Type 2 Diabetes Mellitus and Sarcopenia as Comorbid Chronic Diseases in Older Adults: Established and Emerging Treatments and Therapies

Article information

Diabetes Metab J. 2023;47(6):719-742
Publication date (electronic) : 2023 September 14
doi : https://doi.org/10.4093/dmj.2023.0112
1Institute for Physical Activity and Nutrition (IPAN), School of Exercise and Nutrition Sciences, Deakin University, Geelong, Australia
2Department of Medicine, School of Clinical Sciences at Monash Health, Monash University, Clayton, Australia
3Australian Institute for Musculoskeletal Science (AIMSS), The University of Melbourne and Western Health, St Albans, Australia
4School of Rural Health, Monash University, Warragul, Australia
5Baker Heart and Diabetes Institute, Melbourne, Australia
6Department of Nutrition, Dietetics and Food, Monash University, Notting Hill, Australia
Corresponding author: Jakub Mesinovic Institute for Physical Activity and Nutrition (IPAN), School of Exercise and Nutrition Sciences, Deakin University, 221 Burwood Highway, Burwood, VIC 3125, Australia E-mail: jakub.mesinovic@deakin.edu.au
Received 2023 April 14; Accepted 2023 August 12.


Type 2 diabetes mellitus (T2DM) and sarcopenia (low skeletal muscle mass and function) share a bidirectional relationship. The prevalence of these diseases increases with age and they share common risk factors. Skeletal muscle fat infiltration, commonly referred to as myosteatosis, may be a major contributor to both T2DM and sarcopenia in older adults via independent effects on insulin resistance and muscle health. Many strategies to manage T2DM result in energy restriction and subsequent weight loss, and this can lead to significant declines in muscle mass in the absence of resistance exercise, which is also a first-line treatment for sarcopenia. In this review, we highlight recent evidence on established treatments and emerging therapies targeting weight loss and muscle mass and function improvements in older adults with, or at risk of, T2DM and/or sarcopenia. This includes dietary, physical activity and exercise interventions, new generation incretin-based agonists and myostatin-based antagonists, and endoscopic bariatric therapies. We also highlight how digital health technologies and health literacy interventions can increase uptake of, and adherence to, established and emerging treatments and therapies in older adults with T2DM and/or sarcopenia.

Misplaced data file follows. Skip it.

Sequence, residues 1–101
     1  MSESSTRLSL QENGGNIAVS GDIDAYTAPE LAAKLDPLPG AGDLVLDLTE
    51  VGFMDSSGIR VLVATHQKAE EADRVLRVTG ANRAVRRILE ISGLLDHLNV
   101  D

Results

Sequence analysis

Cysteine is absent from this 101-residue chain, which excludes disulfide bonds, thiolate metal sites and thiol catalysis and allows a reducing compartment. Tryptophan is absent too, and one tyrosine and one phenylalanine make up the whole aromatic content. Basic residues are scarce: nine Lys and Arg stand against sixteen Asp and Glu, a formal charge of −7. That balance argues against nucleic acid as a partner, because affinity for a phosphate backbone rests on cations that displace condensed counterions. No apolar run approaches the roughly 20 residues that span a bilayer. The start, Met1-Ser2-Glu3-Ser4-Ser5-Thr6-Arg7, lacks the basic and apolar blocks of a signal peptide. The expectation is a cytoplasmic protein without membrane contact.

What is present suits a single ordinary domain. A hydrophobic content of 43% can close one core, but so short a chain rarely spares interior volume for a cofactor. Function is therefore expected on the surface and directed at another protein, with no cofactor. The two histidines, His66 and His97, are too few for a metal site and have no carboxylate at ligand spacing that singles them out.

Globally, almost 500 million individuals have type 2 diabetes mellitus (T2DM) and prevalence is increasing [1]. Most adults with T2DM have overweight or obesity [2] and the hallmark characteristic of this disease, insulin resistance, leads to vascular complications and subsequent adverse outcomes [3,4]. T2DM is most prevalent in older adults [1] and associated with age-related conditions, including the skeletal muscle disease sarcopenia [5-7]. Sarcopenia is characterised as the age-related decline in skeletal muscle mass and function [8-10], and 10% to 27% of older adults have this condition [11]. Sarcopenia is associated with adverse outcomes including higher risk of falls, fractures, and premature mortality [12-14]. Sarcopenia has a bidirectional relationship with T2DM as components of both diseases worsen each other via positive feedback loops [5-7]. This review explores recent evidence on the relationship between T2DM and sarcopenia, including established and emerging treatments for managing these diseases, individually or concurrently.